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Budget 2017

Want to read CPJ's commentary on Canada's federal budget? 

CPJ's recommendations for, and responses to, the federal government's annual budget.

Budget 2017 moves ahead cautiously on poverty and climate

Positive steps that lack needed urgency for low-income Canadians and refugees

With Budget 2017, Finance Minister Bill Morneau has made tentative financial commitments to key priorities identified in their consultations on housing and climate change, though not on international development.

However, the government’s spending priorities fail to understand the depth of the problems of poverty in Canada, climate change, and the concerns of refugees and newcomers – leaving these problems for our children to resolve.

Delivering the Promise of Justice

Submission to the Standing Committee on Finance Pre-Budget Consultations
August 2016
Download the brief
CPJ believes that the Government of Canada must act on its commitments and develop policy that is grounded in the common good. We encourage the government to take a holistic perspective in the preparation of Budget 2017 – one that addresses the needs of the most vulnerable in Canadian society and contributes to the well-being of both people and the planet. 

Budget 2016: Significant Progress, Glaring Omissions

“Growing the Middle Class” is the title of the first budget presented by Canada’s new federal government. The Liberals hope that citizens will find “sunny ways” inside these pages – and in several ways we should. But this budget also raises some important, longer-term challenges for Canadians.

Alternative Federal Budget 2016: It’s Time to Move On!

This year’s document calls for “structured spending” that would increase federal government spending to $37.9 billion, or almost $9 billion more than the new Liberal government must spend to meet its own election promises. As well, “The Alternative Federal Budget raises the bar on trans­parency by providing an accounting of the distribu­tional impacts on Canadian families of all proposed changes in taxation, transfers, and program spend­ing—something no government budget, federal or provincial, has ever undertaken.”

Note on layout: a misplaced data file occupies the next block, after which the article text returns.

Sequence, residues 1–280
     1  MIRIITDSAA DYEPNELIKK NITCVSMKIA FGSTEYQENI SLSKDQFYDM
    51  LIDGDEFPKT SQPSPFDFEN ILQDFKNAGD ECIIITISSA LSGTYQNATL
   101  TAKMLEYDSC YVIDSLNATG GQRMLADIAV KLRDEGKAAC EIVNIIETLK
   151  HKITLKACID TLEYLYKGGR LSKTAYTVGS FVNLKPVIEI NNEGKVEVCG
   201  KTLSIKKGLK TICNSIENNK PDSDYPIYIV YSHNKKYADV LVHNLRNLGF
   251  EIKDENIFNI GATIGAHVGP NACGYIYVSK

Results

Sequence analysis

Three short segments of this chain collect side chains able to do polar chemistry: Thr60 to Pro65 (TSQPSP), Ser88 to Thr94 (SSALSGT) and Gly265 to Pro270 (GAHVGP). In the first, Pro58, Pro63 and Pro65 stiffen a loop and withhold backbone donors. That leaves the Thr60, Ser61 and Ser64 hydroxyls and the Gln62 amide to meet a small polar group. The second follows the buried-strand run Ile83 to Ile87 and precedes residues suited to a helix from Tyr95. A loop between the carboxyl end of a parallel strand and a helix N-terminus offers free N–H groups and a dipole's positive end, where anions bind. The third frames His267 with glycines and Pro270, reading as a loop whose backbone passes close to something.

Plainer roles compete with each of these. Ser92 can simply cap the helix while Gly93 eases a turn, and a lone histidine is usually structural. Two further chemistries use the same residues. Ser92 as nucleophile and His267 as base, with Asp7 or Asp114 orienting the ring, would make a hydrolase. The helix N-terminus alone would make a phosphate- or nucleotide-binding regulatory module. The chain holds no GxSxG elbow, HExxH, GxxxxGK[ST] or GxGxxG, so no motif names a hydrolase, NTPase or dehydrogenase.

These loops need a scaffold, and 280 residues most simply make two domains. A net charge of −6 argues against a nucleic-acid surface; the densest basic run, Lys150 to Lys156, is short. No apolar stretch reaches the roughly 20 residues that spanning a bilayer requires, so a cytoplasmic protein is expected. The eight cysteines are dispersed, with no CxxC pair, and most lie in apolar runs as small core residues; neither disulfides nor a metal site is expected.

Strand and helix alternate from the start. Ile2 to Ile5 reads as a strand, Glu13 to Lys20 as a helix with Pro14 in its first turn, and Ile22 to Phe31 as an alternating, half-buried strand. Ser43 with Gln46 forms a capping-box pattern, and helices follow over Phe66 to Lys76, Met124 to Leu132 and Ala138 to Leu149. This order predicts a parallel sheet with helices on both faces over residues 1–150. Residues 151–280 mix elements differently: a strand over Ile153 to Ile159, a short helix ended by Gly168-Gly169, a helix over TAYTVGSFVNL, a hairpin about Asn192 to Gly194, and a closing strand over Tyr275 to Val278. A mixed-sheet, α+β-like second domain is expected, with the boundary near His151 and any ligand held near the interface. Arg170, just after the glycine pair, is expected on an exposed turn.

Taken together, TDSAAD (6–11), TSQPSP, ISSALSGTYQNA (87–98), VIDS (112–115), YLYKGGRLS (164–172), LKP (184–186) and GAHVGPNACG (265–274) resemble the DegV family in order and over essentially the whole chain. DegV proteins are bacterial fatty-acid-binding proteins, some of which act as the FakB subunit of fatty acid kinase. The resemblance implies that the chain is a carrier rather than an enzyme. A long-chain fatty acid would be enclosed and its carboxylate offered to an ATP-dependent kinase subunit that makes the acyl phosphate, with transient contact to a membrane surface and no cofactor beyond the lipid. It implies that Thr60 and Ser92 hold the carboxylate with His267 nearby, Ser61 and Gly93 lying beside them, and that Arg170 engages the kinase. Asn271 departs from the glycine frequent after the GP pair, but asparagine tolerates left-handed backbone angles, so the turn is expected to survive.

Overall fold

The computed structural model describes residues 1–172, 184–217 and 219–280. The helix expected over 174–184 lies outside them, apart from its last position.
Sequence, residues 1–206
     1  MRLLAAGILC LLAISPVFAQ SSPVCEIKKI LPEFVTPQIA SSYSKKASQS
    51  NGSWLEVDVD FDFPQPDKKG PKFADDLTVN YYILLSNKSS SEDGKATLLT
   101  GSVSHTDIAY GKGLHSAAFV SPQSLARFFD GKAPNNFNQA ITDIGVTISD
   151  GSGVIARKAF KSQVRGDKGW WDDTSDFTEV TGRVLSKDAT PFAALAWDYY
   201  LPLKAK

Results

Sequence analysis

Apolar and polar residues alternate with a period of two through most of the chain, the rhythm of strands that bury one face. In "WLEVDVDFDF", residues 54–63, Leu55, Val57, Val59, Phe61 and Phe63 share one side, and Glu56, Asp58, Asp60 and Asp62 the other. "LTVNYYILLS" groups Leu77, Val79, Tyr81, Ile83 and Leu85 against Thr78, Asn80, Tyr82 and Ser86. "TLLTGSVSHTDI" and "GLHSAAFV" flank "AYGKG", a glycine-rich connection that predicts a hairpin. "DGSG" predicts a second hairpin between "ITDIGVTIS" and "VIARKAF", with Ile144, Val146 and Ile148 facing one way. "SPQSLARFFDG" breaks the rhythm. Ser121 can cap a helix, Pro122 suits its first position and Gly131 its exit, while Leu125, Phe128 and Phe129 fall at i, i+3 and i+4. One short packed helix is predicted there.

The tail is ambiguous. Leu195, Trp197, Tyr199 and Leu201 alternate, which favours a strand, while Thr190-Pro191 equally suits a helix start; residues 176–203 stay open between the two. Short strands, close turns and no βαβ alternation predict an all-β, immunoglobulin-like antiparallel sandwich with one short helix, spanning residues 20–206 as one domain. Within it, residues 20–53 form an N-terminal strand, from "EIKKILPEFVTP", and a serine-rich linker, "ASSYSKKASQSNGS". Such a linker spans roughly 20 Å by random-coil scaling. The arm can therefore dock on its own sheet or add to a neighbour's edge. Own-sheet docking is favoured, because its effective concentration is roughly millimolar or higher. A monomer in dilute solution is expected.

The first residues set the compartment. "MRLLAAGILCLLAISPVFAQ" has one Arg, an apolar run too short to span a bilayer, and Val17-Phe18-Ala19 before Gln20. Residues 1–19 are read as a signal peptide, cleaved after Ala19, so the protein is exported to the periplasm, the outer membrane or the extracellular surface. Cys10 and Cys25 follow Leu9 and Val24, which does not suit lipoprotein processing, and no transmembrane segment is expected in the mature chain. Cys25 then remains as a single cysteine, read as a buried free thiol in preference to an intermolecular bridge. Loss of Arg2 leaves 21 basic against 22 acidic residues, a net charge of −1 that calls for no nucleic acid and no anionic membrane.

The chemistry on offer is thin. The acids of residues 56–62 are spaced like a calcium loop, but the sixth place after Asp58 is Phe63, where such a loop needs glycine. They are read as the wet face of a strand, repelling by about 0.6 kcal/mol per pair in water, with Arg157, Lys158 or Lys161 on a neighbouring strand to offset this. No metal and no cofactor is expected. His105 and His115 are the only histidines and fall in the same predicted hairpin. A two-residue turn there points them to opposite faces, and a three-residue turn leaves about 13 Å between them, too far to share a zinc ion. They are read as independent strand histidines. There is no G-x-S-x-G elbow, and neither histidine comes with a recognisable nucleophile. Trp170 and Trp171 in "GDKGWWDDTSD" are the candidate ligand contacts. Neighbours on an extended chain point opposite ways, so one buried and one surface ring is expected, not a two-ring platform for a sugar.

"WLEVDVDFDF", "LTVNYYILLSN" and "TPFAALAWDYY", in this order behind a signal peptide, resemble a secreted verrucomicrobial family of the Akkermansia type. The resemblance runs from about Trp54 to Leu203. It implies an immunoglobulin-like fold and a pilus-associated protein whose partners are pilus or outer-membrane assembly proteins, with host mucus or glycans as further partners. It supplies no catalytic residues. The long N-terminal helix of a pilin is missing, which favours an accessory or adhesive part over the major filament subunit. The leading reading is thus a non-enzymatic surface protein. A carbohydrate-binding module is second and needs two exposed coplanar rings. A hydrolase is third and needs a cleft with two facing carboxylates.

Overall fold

Making Real Change for the Common Good

Submission to the Standing Committee on Finance Pre-Budget Consultations
February 2016
Download the brief
CPJ believes that the federal government has a moral commitment to develop policy that is grounded in the common good, giving priority to addressing the needs of the most vulnerable in Canadian society and for ensuring that Canada contributes to the well-being of people and the planet.

Budget 2015 Chooses to Overlook Climate Change and Poverty

Budget 2015 ignores the 4.8 million Canadians who live in poverty. And with major climate negotiations coming later this year, it ignores the climate crisis that future generations will have to deal with. It ignores the tens of thousands of vulnerable refugees who come to Canada looking for a better life.

Delivering the Good: Twenty Years of Alternative Budgets

Budgets are documents that clarify our values – they say where our hearts really lie (they may also show how we “lie” if we do not walk the talk!) Politicians (just like faith communities, perhaps) may profess in speech to believe in the greater good. Where and how we spend money, and from where and how we collect it, often communicates even more than what we say.

Budgeting for the Common Good: 2014 pre-budget submission

Submission to the Standing Committee on Finance Pre-Budget Consultations
In this year's pre-budget submission to the federal government's Finance Committee, we focus on the Working Income Tax Benefit, oil and gas regulations, and tax cuts and credits that work against the common good of all people in Canada.

Budget 2014: The Road to Balance – but at what cost?

Jim Flaherty released the federal budget yesterday afternoon, and as expected it presented a “business-as-usual” approach. Announced in the midst of the Sochi Olympics, Budget 2014 contained few new policy announcements, achieving its goal of a quiet release.

An alternative take on the 2014 federal budget

Have you ever wondered what the federal budget would look like if Citizens for Public Justice and other anti-poverty, environmental, and civil society organizations had the chance to write it?

It’s all contained in this year’s Alternative Federal Budget (AFB), a collaborative project CPJ and several of our partner organizations contribute to annually. It was released earlier this week by the Canadian Centre for Policy Alternatives.

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